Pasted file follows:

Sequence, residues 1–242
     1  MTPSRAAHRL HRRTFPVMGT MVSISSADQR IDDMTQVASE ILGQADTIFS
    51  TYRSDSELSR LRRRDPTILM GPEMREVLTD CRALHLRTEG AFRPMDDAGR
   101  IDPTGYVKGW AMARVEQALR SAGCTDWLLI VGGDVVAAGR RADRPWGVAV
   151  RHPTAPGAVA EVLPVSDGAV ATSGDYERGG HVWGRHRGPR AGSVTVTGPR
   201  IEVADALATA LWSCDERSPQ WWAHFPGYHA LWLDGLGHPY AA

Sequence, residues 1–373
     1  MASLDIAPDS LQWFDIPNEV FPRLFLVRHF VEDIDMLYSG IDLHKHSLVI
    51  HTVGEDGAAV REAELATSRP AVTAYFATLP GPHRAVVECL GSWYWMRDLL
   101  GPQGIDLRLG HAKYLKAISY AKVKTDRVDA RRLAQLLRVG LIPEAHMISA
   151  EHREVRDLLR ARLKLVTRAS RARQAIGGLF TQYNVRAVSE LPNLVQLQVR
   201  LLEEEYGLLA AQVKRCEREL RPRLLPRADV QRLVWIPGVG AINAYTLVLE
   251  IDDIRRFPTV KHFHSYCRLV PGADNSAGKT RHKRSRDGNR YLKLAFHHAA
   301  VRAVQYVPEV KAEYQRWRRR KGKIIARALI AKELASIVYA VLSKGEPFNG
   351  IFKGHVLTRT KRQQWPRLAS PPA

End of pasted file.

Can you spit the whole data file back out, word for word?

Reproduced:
Sequence, residues 1–242
     1  MTPSRAAHRL HRRTFPVMGT MVSISSADQR IDDMTQVASE ILGQADTIFS
    51  TYRSDSELSR LRRRDPTILM GPEMREVLTD CRALHLRTEG AFRPMDDAGR
   101  IDPTGYVKGW AMARVEQALR SAGCTDWLLI VGGDVVAAGR RADRPWGVAV
   151  RHPTAPGAVA EVLPVSDGAV ATSGDYERGG HVWGRHRGPR AGSVTVTGPR
   201  IEVADALATA LWSCDERSPQ WWAHFPGYHA LWLDGLGHPY AA

Sequence, residues 1–373
     1  MASLDIAPDS LQWFDIPNEV FPRLFLVRHF VEDIDMLYSG IDLHKHSLVI
    51  HTVGEDGAAV REAELATSRP AVTAYFATLP GPHRAVVECL GSWYWMRDLL
   101  GPQGIDLRLG HAKYLKAISY AKVKTDRVDA RRLAQLLRVG LIPEAHMISA
   151  EHREVRDLLR ARLKLVTRAS RARQAIGGLF TQYNVRAVSE LPNLVQLQVR
   201  LLEEEYGLLA AQVKRCEREL RPRLLPRADV QRLVWIPGVG AINAYTLVLE
   251  IDDIRRFPTV KHFHSYCRLV PGADNSAGKT RHKRSRDGNR YLKLAFHHAA
   301  VRAVQYVPEV KAEYQRWRRR KGKIIARALI AKELASIVYA VLSKGEPFNG
   351  IFKGHVLTRT KRQQWPRLAS PPA